Finally, a new shelf delivered - Fiberglass RV


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Old 03-30-2007, 05:36 PM   #1
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Okay, I thought I was pretty handy with the tools. But, I don't want to make a mistake with the scamps' fiberglass shell so I'm humbly asking someone to talk me through putting in the new back shelf I just got from the factory. Supposedly all of the needed hardware was sent but I'm just new to this rivet business. Screws I can figure out. Do I drill a hole and then insert the rivet?

By the way, shipping cost almost the same as the shelf itself, and it was not a cheap item. Yikes! But, it will look the same as the front so the interior will, at least, be consistent.
If I had made the shelf myself it probably would not have turned out as nicely as it will with the factory made one.

On a side note, I've been washing and waxing the scamp and it's amazing what a meticulous wax job will do to shine up the thing up. Water just beads up, too. Like I've said before, my volkswagen bug and my camper are in better shape than anything in my house!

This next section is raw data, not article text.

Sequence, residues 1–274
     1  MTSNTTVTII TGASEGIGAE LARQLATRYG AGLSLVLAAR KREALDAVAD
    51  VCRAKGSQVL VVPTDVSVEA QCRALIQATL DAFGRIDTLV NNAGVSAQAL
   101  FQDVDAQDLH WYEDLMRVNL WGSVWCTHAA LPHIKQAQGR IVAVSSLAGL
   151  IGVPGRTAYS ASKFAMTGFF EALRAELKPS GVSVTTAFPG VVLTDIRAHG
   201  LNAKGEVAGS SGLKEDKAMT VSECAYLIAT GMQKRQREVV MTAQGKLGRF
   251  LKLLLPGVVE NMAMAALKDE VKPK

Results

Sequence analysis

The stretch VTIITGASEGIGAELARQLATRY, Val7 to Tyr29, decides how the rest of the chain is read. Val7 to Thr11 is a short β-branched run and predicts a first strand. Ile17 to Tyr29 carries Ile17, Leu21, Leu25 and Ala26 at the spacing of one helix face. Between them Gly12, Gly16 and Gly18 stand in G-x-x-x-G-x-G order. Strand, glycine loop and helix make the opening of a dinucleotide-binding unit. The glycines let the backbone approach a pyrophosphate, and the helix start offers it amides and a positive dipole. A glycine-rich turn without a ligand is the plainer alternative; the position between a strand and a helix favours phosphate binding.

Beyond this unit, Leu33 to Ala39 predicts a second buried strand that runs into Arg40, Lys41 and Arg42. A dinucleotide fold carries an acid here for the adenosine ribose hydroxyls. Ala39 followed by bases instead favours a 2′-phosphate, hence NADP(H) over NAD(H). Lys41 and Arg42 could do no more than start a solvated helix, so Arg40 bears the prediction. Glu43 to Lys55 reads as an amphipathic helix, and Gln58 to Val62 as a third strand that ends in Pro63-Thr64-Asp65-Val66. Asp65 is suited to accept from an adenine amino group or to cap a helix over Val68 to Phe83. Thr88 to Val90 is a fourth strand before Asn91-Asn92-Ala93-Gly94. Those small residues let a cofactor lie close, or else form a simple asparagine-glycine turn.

Candi
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Old 04-01-2007, 06:56 PM   #2
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Anyone there?

Anyway, I figured out how to use the rivets, thanks to a mechanic friend of mine. He also loaned me the rivet gun. With his help, my husband and I installed the shelf in less than thirty minutes.

Candi
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Old 04-01-2007, 08:19 PM   #3
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Was riveting easy? Do you like the results?

- Miriam
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Old 04-01-2007, 11:55 PM   #4
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Was riveting easy? Do you like the results?

- Miriam
I'd say it was pretty simple but I don't think it was actually easy. It takes two people, unless you can figure out a way to have the nut stay on the inside portion as you rivet from the outside. You need a rivet gun, and if you have a manual one, your hands need to be pretty strong. It may actually take three people if you don't want to have to hold the shelf up yourself at the same time you're holding the nut onto the rivet.

Here are the steps if anyone else wants to know.

1. Determine where you want your rivet placed and mark the spot on the object to be attached as well as the place on the inside of the camper to attach it. We put the rivets in the exact place as the front shelf.